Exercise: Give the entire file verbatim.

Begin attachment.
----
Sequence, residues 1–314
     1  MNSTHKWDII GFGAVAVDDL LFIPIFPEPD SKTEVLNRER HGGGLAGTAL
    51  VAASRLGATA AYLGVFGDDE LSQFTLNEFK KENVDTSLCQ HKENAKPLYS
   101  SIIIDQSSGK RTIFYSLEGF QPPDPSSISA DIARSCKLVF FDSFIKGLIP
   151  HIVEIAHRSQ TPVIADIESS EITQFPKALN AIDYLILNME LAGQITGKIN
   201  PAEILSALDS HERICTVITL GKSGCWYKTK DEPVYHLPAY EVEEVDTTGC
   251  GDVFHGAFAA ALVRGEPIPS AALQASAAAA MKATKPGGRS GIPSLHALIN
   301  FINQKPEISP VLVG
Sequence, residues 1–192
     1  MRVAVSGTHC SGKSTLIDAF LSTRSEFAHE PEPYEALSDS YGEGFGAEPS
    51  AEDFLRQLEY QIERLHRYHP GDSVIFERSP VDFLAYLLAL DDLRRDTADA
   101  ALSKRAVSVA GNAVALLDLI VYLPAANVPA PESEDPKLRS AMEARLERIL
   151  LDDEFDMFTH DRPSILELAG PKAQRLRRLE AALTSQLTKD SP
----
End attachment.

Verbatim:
Sequence, residues 1–314
     1  MNSTHKWDII GFGAVAVDDL LFIPIFPEPD SKTEVLNRER HGGGLAGTAL
    51  VAASRLGATA AYLGVFGDDE LSQFTLNEFK KENVDTSLCQ HKENAKPLYS
   101  SIIIDQSSGK RTIFYSLEGF QPPDPSSISA DIARSCKLVF FDSFIKGLIP
   151  HIVEIAHRSQ TPVIADIESS EITQFPKALN AIDYLILNME LAGQITGKIN
   201  PAEILSALDS HERICTVITL GKSGCWYKTK DEPVYHLPAY EVEEVDTTGC
   251  GDVFHGAFAA ALVRGEPIPS AALQASAAAA MKATKPGGRS GIPSLHALIN
   301  FINQKPEISP VLVG
Sequence, residues 1–192
     1  MRVAVSGTHC SGKSTLIDAF LSTRSEFAHE PEPYEALSDS YGEGFGAEPS
    51  AEDFLRQLEY QIERLHRYHP GDSVIFERSP VDFLAYLLAL DDLRRDTADA
   101  ALSKRAVSVA GNAVALLDLI VYLPAANVPA PESEDPKLRS AMEARLERIL
   151  LDDEFDMFTH DRPSILELAG PKAQRLRRLE AALTSQLTKD SP